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garden design ideas
February, 2013, Page 102
Photos by Richard Maack
A manicured lawn, beds overflowing with blooms, and potted San Diego Red bougainvilleas trained as standards, establish a lush Mediterranean mood near the courtyard entry of this Phoenix home.
Once in Disarray, a Residential Landscape Becomes a Thing of Beauty
The owner of this verdant 2-acre Arcadia-area property speaks of happy times spent as a boy in his grandparents’ citrus grove. “I was raised around citrus trees,” the third-generation Arizonan recalls. “I used to help take care of thousands of them.”
Citrus—albeit in lesser quantities—plus a kaleidoscope of colorful plants lend his and his wife’s residential acreage a Garden of Eden quality.
The landscape was featured on Phoenix Home & Garden’s 2012 Grand Tour of Gardens. However, it was far from a paradise when the couple bought the site. That was before landscape architect Greg Trutza, ASLA, of New Directions in Landscape Architecture came on board, recalls the man of the house. “Greg had a vision of what we wanted to see.”
The existing landscape consisted largely of dead citrus on a problematic slope, and an existing dwelling that was in disrepair, had to be razed. Working in conjunction with landscape contractor Mike Karmo and general contractor Jaime Ziparo, Trutza made the property more livable and enjoyable in many ways, notes the homeowner.
Along with creating the planting schemes, Trutza designed multiple outdoor rooms and courtyards, and a pool area with a unique water feature. He also chose exterior materials, such as Kansas rubble stone, travertine and antique brick inlays, to complement the new French-influenced Mediterranean Country-style house. “The rustic vernacular was selected to provide a timeless charm to the home and hardscape,” he explains.
A spillway—part of the pool’s multilevel network of fountains—becomes the backdrop for one of many well-tended garden areas on the sprawling property. Defined by a path of bricks set in a basket-weave pattern, the formal bed contains red geraniums and blue salvia bordered by clouds of white alyssum.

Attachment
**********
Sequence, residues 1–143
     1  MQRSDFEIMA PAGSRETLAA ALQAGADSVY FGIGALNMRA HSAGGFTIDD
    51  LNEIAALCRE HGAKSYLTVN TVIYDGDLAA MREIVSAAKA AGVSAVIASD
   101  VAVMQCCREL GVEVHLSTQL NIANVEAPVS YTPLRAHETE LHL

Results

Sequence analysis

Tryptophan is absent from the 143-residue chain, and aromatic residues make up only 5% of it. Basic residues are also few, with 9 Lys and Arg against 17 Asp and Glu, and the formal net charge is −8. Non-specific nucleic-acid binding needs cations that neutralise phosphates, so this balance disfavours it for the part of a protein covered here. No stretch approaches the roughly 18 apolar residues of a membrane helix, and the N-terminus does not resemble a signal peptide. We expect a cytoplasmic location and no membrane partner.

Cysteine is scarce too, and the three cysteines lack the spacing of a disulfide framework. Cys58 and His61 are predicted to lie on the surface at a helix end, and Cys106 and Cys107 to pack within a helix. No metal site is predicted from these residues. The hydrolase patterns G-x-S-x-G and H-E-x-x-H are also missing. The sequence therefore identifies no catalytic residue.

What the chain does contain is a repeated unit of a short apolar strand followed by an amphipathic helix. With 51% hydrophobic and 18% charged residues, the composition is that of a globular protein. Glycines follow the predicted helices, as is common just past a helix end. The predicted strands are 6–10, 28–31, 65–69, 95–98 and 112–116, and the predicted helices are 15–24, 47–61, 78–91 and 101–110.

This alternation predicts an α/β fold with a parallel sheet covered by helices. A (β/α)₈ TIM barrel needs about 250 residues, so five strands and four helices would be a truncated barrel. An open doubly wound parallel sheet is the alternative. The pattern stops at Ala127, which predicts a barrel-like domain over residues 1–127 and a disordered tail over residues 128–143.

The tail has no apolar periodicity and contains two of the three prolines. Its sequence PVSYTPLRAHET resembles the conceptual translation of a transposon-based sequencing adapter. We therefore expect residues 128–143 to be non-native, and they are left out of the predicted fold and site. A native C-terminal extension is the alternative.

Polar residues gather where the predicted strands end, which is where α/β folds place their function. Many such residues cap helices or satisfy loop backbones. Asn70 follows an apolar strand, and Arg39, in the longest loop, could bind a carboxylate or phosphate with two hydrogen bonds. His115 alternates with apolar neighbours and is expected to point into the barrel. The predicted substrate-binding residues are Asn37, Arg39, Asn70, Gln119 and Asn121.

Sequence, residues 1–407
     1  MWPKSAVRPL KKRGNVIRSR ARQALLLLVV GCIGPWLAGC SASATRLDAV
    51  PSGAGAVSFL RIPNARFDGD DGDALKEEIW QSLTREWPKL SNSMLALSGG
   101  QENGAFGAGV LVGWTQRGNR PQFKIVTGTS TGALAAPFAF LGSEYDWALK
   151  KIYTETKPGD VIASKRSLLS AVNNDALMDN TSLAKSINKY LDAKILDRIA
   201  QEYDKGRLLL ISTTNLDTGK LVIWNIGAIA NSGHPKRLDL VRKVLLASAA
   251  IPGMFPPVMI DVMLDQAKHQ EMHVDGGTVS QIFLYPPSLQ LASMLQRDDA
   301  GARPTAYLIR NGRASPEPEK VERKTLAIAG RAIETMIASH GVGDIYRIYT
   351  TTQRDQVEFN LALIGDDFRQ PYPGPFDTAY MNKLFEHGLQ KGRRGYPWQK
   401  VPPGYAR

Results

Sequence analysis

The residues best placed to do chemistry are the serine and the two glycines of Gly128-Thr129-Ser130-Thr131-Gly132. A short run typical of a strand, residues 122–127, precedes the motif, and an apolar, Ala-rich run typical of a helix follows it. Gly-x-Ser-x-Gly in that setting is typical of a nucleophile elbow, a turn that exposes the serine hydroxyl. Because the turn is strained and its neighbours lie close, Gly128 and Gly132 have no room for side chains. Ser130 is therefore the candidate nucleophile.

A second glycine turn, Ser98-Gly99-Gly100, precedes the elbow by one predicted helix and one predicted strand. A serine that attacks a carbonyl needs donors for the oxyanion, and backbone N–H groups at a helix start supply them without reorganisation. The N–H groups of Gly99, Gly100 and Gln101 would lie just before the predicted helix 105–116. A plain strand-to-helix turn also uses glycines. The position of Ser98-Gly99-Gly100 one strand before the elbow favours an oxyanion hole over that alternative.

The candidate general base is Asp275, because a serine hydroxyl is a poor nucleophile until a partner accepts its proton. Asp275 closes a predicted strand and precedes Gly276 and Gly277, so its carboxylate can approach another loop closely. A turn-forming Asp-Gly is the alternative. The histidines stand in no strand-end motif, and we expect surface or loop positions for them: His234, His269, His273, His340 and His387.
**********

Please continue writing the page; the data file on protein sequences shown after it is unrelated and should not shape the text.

Throughout the grounds, plantings are placed in arrangements similar to those one might find in the Mediterranean region, and these provide “formal touches of authenticity,” states Trutza, a Phoenix Home & Garden Master of the Southwest. For example, clipped hedges of dwarf olive set off a variety of beds containing color-rich blooms. Yaupon holly trained to spiral, Italian cypress, and palm trees, including a showy Bismarck, are other classic elements.
“The Mediterranean palette of vegetation ranges from date palms to figs,” Trutza says. “Unusual specimens provide an evergreen backdrop, along with the bonus of fruit and fragrance.” He credits Karmo with the long-term health of the plants. “He did a masterful job of installation and soil amendments, which ensured their success.”
The homeowner is himself a gardener of merit. Adding a raised bed for his homegrown vegetables and herbs was part of the plan. In addition to a bountiful cabbage crop, basil flourishes to the point that some local restaurateurs stop by from time to time to harvest it. Other edibles include figs, calamondin and a variety of citrus.
One might say the homeowner has come full circle from his boyhood years helping out on a family citrus farm, for Arcadia had its origins in such groves before it became residential. His 2 acres have also evolved. Once in disarray, they now contain welcoming outdoor spaces, sensory-stirring delights and good things to eat.
A fringe of palm trees, including the showy Bismarck palm, creates an attractive backdrop at a poolside setting made cozy with cushioned lounges, plus lanterns to light the way for an evening swim. A profusion of colorful plantings highlights a raised stone-faced bed.
Making structural changes to the sloping grounds allowed landscape architect Greg Trutza to create the indoor/outdoor livability the homeowners desired, seen here in the resortlike pool, stone-clad pool/guest house and elevated garden beds. “The primary challenge that I was able to turn into an asset was the 7-foot drop in grade from the rear of the property to the front,” relates Trutza. “This provided an opportunity for multiple terraces and rolling terrain.”
Shaded by trees, this courtyard at the front of the house boasts a centerpiece stone-faced fireplace and brick flooring laid in a herringbone pattern. A copper vessel on iron legs serves as a side table.
Photos - Clock-wise from top left: Bougainvilleas offer a spot of color, and vining trellised plants provide touches of cool green in a border against a wall of the house. A sculpture by Gary Lee Price titled Journeys of the Imagination invites the eye to linger. • Artist Gary Lee Price’s bronze sculpture of children playing with water called Nature’s Friends, offers visual and auditory delights. Nearby, raised vegetable beds produce an array of edibles. • The home’s French-influenced Mediterranean Country style is evident in this patio’s rustic stone-encrusted arches and high ceiling studded with reclaimed antique brick halves. • “A spacious 2-acre lot provided ample opportunity for many outdoor rooms and private destinations,” notes landscape architect Greg Trutza. An example is the guest house’s well-appointed patio. This “quintessential outdoor room” is separated from the guest quarters’ main living areas by automatic sliding glass doors, which, when open, allow a seamless flow between interior and exterior, he explains.
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